Saint Demetrius / Dimitrios, and the Church of Thessaloniki, Greece.
Saint Demetrius, patron Saint of Thessaloniki, a Christian martyr, born into an aristocratic family of the Roman province of Macedonia, in 270 AD, is one of the most important military, or, warrior saints, often paired with Saint George, and one of the most popular saints of The Greek Orthodox Church.
The Feast Day of Saint Demetrius is celebrated on 26 October.
Despite his high military position, in the Pagan Roman army, under the Tetrarchy of the Roman Emperors; Diocletian Maximian, Galerius, and Constantine, during the Great Persecution, or, the Diocletian Persecution of Christians, 303-313 AD, Saint Demetrius, remained a faithful Christian.
He even managed to convert many Pagans to the Christian faith.
Jealous of Saint Demetrius’ success, the Pagans denounced him, throwing him into prison, (Which was an old, unused Roman bath) where he was visited by Saint Nestor, who asked the blessing of Saint Demetrius, in order to help him slay Lyaios, the most feared Roman gladiator, who mocked and tormented the Christians in the arena .
Against all odds, Saint Nestor slayed Lyaios, which resulted in the Emperor, first beheading Saint Nestor, outside the city, and then having Saint Demetrius impaled in Prison, and later went on to behead Saint Demetrius’ slave, Lupus, for using the blood-stained tunic and ring of his master, to work miracles.
The Christians buried Demetrius and Nestor, side by side, in the unused Roman bath, where Demetrius had been imprisoned and executed.
|Crypt of Saint Demetrius, in the church dedicated to the martyr.|
" According to tradition, this is where Demetrius was imprisoned, put to death and buried."
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In the seventh century, a miraculous flow of myrrh was said to be seeping from the tomb of Saint Demetrius, giving rise to the name; Saint Demetrius “Mirovlitis”, Saint Demetrius the Myrrh Streamer.
Also in the seventh century AD, a book, “The Miracles of Saint Demetrius” in Latin “Miracula Sancti Demetri” were compiled, telling of the miracles of Saint Demetrius of Thessaloniki.
The book is divided into two volumes, the first, written by John, Archbishop of Thessaloniki (610-620), describes miracles attributed to Saint Demetrius.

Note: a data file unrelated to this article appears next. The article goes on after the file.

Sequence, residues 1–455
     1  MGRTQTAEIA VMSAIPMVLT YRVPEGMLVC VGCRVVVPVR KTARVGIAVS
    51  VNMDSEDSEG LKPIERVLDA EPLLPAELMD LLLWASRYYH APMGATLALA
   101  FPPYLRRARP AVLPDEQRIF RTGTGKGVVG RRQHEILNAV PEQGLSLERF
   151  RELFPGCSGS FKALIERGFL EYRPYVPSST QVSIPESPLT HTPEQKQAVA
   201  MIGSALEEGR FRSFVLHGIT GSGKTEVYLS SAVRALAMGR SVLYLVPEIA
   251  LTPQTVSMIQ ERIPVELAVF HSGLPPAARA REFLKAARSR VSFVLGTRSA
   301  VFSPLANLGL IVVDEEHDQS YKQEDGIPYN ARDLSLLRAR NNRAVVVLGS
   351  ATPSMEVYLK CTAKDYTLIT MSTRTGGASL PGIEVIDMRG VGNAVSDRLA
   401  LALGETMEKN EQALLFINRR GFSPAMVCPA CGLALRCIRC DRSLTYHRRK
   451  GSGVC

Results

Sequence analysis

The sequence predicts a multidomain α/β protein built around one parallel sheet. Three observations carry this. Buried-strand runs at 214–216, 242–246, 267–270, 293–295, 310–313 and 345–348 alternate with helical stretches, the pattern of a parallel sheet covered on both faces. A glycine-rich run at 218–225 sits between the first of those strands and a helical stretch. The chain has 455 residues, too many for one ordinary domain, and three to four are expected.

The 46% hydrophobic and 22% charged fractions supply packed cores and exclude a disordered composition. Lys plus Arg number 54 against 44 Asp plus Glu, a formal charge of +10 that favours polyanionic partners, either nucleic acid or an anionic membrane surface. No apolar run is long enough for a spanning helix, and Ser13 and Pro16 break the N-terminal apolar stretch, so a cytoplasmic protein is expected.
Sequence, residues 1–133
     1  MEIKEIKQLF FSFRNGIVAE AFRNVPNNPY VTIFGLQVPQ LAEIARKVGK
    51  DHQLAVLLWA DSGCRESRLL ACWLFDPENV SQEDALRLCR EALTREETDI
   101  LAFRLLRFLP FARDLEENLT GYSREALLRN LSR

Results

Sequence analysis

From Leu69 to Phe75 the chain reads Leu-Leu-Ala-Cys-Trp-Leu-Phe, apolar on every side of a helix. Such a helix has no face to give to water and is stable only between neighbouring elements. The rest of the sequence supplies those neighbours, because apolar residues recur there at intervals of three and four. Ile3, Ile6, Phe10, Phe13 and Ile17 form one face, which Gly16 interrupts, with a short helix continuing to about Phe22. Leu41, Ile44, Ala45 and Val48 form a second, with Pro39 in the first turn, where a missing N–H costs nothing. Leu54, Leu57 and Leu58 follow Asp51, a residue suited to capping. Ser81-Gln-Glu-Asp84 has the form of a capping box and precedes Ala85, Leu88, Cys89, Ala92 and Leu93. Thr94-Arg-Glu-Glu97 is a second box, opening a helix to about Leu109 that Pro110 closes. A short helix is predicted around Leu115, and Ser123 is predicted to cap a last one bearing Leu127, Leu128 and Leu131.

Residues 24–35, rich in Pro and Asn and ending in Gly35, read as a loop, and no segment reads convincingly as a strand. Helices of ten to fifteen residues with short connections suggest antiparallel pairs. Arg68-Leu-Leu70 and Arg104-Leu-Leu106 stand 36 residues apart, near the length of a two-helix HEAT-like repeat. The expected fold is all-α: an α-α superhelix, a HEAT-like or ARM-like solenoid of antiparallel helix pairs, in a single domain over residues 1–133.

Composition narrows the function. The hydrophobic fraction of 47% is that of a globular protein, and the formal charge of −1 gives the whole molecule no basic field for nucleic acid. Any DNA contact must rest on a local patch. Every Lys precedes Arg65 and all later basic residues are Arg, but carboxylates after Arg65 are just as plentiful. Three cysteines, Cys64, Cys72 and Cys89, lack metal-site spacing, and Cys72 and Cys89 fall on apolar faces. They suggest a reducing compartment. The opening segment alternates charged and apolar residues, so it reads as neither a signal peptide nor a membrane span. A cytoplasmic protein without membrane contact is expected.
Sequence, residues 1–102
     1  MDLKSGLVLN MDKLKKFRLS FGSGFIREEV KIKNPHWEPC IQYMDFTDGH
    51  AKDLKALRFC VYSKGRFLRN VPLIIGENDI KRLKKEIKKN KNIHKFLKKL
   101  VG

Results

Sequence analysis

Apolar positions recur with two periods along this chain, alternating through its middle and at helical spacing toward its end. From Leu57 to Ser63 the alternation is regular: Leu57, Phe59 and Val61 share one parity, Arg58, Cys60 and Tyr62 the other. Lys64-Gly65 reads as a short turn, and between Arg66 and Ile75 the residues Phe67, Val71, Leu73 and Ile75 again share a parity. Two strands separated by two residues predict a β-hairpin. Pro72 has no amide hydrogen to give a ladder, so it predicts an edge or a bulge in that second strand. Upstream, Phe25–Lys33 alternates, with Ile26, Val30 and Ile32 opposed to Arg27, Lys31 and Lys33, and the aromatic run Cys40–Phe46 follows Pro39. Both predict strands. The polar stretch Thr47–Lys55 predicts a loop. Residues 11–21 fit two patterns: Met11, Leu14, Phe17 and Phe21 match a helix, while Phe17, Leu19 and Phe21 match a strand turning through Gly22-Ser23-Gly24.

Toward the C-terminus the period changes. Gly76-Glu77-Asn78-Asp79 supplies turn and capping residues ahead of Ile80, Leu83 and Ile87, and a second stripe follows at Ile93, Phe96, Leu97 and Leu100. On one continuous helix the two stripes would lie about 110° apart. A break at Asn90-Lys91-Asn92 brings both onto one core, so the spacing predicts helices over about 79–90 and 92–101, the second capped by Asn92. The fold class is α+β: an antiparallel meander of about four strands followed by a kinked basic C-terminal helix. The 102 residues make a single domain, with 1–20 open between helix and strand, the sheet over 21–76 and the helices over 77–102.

Fifteen miracles are mentioned in the first volume of “Miracles of Saint Demetrius” including the intervention of the Saint, during the siege of Thessaloniki, (Known as the invasion of the Slavs), and how the Saint saved the city from the plague.
The second volume, written sometime around 680, by an unknown author, is mostly an historic account of Saint Demetrius, both volumes, were publicly read, to the citizens of Thessaloniki.
The Church of Saint Demitrius.
|The Church of Hagios Demetrius, is the main sanctuary dedicated to Saint Demetrius,|
the patron saint of Thessaloniki
The first church of Saint Demetrius was built in Thessaloniki, the second largest city of The Byzantine Empire, after Constantinople, early in the fourth century AD, on the site, said to be the spot, where Saint Demetrius was imprisoned, and executed, in an unused Roman bath.
|Catacombs of Saint Demetrius, Thessaloniki, the church is|
believed to be built, the site of the old Roman baths, where Saint Demetrius was executed.
It was the most important and largest shrine in the city, larger than the local Cathedral (Site unknown).
A century later, Leondis, a regional governor, replaced the small oratory (A room for prayer) with a larger, three-aisled basilica (A building for public worship).
|Saint Demetrius Church, after " The Great Fire of Thessaloniki"|
The Church of Saint Demetrius in Thessaloniki contains an unusual shrine; The ciborium, an hexagonal, roofed, construction, to one side of the nave.
Inside the ciborium, is a bed, and, although it is believed that for four centuries after the Saint’s death, it contained no relics, it seemed to have been a symbolic tomb of Saint Demetrius.
The church of Saint Demetrius in Thessaloniki is famous for six mosaic panels, depicting Saint Demetrius, together with the officials, responsible for the church’s restoration, and with children.
These mosaic panels are rare examples of Byzantine art, which have survived from the Dark Ages, following the reign of the Byzantine Emperor, Justinian (527-565 AD).
|Saint Demetrius with children,|
one of very few Byzantine mosaics that escaped destruction from the hands of the iconoclasts.
Other magnificent mosaics (recorded as decorating the interior of the church) have been lost, either during the four centuries, when the church functioned as a mosque, under Ottoman rule (1493-1912), or in “The Great Fire of Thessaloniki” in 1917, which destroyed most of the city.
It took decades to rebuild the church, after the great fire, and during the excavations, a Roman bath was discovered, believed to be the place where Saint Demetrius was held prisoner and later executed.
A Roman well was also discovered, during reconstruction of the church, thought to be the well, into which Roman soldiers threw Saint Demetrius’ body, after his death.
|The fountain, in the crypt of Saint Demetrius Church, Thessaloniki.|
Believed to be the well, into which the Romans threw the body of the Saint.
The rebuilding, of The Church of Saint Demetrius of Thessaloniki, was finally finished and the church was re-consecrated in 1949.
The Church of Saint Demetrius, or Hagios Demetrius, the patron saint of Thessaloniki (in Central Macedonia, Greece), dating from a time when it was the second largest city of the Byzantine Empire, is now part of the Palaeochristian site, and Byzantine Monuments of Thessaloniki which were added to the list of World Heritage Sites by UNESCO in 1988.
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